Denix Replica 18th Century Pirate Blunderbuss - 1094/G
AR221094G: Replica 18th Century Pirate Blunderbuss
This reproduction of a flintlock blunderbuss is made of metal and wood with a simulated mechanism of loading and firing. This blunderbuss is reproduced with museum-quality detail and is a great choice for any discerning collector.
Blunderbusses were typically very short, with a barrel less than 24" long, compared to the musket's barrel length measuring more than 35". The firing mechanism is composed of a flint stone attached to a hammer which when the trigger is pulled, strikes a spark and ignites the gunpowder.
All blunderbusses required manual reloading of their ammunition, which was inserted through the mouth of the barrel after each shot. Usually, the weapon was loaded with a single bullet of lead, although also could be used with several bullets of smaller size (pellets).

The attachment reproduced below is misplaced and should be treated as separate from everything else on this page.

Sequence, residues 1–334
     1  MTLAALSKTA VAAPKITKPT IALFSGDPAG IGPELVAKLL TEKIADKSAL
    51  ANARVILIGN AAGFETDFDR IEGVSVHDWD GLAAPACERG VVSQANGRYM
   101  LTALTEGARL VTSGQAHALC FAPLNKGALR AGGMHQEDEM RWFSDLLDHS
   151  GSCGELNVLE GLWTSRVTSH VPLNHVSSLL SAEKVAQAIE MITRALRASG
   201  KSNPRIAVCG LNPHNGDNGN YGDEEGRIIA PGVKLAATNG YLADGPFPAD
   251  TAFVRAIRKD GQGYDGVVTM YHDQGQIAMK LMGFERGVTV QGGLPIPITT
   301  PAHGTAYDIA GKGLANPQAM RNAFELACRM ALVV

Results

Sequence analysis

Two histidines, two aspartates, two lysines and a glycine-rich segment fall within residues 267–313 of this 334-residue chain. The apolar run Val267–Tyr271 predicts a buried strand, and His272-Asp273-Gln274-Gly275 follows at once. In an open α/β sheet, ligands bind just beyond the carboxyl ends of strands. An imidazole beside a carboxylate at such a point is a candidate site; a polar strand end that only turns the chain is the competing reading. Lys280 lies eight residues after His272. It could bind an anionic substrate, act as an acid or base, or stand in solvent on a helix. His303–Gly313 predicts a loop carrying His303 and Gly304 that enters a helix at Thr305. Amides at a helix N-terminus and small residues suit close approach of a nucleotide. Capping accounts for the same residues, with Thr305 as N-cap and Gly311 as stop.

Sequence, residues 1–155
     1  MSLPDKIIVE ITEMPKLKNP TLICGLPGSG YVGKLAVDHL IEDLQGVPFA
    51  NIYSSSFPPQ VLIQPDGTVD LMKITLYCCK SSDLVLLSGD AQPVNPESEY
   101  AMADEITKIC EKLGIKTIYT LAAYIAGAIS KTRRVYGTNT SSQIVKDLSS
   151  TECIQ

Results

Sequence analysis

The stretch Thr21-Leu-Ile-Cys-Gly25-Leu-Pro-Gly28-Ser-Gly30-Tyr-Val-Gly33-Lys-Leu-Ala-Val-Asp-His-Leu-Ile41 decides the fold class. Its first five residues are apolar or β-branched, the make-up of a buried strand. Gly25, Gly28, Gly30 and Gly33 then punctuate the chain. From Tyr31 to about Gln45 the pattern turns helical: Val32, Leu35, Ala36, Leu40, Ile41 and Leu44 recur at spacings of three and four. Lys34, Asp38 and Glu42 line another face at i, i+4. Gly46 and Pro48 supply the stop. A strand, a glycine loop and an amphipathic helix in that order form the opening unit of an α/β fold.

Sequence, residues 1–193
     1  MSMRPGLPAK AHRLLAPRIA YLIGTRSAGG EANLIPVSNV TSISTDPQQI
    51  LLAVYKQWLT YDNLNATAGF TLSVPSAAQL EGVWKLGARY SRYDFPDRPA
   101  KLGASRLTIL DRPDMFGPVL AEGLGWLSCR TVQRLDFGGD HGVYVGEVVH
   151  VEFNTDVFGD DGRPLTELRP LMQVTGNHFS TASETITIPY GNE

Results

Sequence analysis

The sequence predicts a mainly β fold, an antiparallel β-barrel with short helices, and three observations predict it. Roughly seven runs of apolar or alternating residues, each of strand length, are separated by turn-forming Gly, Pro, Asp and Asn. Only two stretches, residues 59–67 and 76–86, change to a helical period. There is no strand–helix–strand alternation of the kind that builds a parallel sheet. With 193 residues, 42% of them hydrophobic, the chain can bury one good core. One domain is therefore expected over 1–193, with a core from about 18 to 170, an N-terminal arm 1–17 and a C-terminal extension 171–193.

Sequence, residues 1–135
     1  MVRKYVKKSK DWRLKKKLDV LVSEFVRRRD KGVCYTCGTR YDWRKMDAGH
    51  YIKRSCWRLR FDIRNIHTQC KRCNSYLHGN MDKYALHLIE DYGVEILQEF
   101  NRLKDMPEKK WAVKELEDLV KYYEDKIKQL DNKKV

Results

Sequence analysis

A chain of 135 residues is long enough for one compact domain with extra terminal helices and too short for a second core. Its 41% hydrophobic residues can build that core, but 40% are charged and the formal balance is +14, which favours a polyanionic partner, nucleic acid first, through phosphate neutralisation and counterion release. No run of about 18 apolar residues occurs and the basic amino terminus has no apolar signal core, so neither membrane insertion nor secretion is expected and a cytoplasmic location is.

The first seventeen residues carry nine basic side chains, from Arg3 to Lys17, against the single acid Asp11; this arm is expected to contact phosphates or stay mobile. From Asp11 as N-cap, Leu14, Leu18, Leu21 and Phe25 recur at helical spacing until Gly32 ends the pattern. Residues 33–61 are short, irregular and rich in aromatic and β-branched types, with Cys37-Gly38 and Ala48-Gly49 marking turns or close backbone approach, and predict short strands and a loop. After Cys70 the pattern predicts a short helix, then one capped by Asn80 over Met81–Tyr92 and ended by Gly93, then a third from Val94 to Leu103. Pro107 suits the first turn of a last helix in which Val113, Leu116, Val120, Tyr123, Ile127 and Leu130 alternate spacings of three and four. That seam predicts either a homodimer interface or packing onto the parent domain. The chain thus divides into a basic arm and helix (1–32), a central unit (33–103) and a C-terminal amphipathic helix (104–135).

Used by the pirates in the eighteenth century, the blunderbuss was very imprecise but was more useful in the approaches during the naval battles, where the combat was at a short distance. In addition, these weapons were used for a single shot, since their reload method was very slow and there was no time available to recharge it. Therefore the fighters after firing were forced to draw their sabers or swords or to use the firearm as a bludgeon.
- Museum-quality non-firing reproduction
- Wooden stock
- Pirate emblem on stock
- Length: 29.13" (74 cm)
- Weight: 4.41 lbs (2,000 g)